And it’s EU legislation that has caused the closure of so many of our smaller post offices by opening up postal services to other EU countries, such as Deutsche Post which now undercuts our Post Office deliveries in such lucrative markets as business post. In rural areas these post offices often form part of the only shop in the village and are an essential of the community yet without the postal service these shops would not be viable. Knowing this, the Government has tried its best to keep them open by offering subsidies, but Brussels now insists that Britain must ask for permission before doing so. So, our Post Office is currently in a critical financial state so that post office closures have become inevitable, to the benefit of other EU countries.
Population growth, due largely to the EU’s basic right of ‘free movement of peoples’ throughout the Union, means that to accommodate the expected increase in immigrants seven additional cities the size of Birmingham will have to be built within the next 20 years. .
But neither central nor local government will be able to control the demand for services which will obviously follow.
Nigel Farage commented: ‘Open door immigration is having a massive effect on local councils, on planning and house building and therefore on schools, hospitals and social services which should be for the taxpayers of this country and not for the people of all other EU member states’.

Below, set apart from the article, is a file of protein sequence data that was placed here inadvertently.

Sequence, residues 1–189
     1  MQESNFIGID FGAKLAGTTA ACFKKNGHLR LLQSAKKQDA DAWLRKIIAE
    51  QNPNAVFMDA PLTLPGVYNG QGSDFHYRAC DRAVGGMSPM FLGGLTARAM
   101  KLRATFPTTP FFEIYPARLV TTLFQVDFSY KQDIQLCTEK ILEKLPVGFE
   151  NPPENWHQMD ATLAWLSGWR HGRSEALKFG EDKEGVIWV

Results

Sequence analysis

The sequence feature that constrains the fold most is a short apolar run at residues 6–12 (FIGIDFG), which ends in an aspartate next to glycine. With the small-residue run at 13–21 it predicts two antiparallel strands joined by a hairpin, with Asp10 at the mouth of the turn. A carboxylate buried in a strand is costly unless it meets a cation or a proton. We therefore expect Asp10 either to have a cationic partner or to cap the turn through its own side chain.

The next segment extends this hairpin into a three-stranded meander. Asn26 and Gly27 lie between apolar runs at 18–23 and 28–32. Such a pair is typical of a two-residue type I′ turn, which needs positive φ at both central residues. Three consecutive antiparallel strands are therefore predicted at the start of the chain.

However, May 2011 saw the introduction of new EU Rules to guarantee unemployment benefits to all EU passport holders and a possible100,000 people are expected to take advantage of this, at a cost of £19.7 million per week.
The extra population will inevitably cause extra waste, but EU Rules state that by 2020, half of our waste must be diverted from landfills, possibly to incinerators which are being built around the country. Because of this, householders are now seeing their council taxes go up while waste collections in many areas have gone down to once in two weeks.
EU Rules can have a farcical effect. In 2005 an EU Regulation on ‘Working at Heights’ came into effect which means that any work involving ladders is banned. To avoid litigation, some Councils now ban ladders across their estates’ properties and have introduced the expensive alternative of scaffolding instead. More money for the taxpayer to find.
But they can also have a disastrous effect. A Draft Efficiency Directive is planned to take effect later this year (2015) which would compel Councils to refit local properties, both old and new-build, to the highest energy efficiency standards. This would, for instance, make Victorian Town Halls and other old buildings obsolete.
And the Local Government Association estimates that applying this legislation would cost Councils £50 billion — at a time when they really don’t need yet more financial pressure.
Nigel Farage has said that he has great sympathy for Councils around this country since they are mainly full of people with a genuine desire to serve their community through Local Government who now find themselves impotent because all the big decisions are taken elsewhere.
Nationally and even locally, whether it is our post offices, our bin collections, the lorries which drive on our roads or how our homes are built — the European Union, of which Britain is merely a 28th part, rules on everything.
Photo by #ashroplad